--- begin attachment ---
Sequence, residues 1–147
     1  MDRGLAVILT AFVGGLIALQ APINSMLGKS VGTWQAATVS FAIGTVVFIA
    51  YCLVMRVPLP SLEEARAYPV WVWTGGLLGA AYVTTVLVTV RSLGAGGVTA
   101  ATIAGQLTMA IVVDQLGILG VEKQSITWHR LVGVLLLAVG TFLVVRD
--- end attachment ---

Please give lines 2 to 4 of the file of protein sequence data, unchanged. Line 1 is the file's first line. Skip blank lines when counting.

     1  MDRGLAVILT AFVGGLIALQ APINSMLGKS VGTWQAATVS FAIGTVVFIA
    51  YCLVMRVPLP SLEEARAYPV WVWTGGLLGA AYVTTVLVTV RSLGAGGVTA
   101  ATIAGQLTMA IVVDQLGILG VEKQSITWHR LVGVLLLAVG TFLVVRD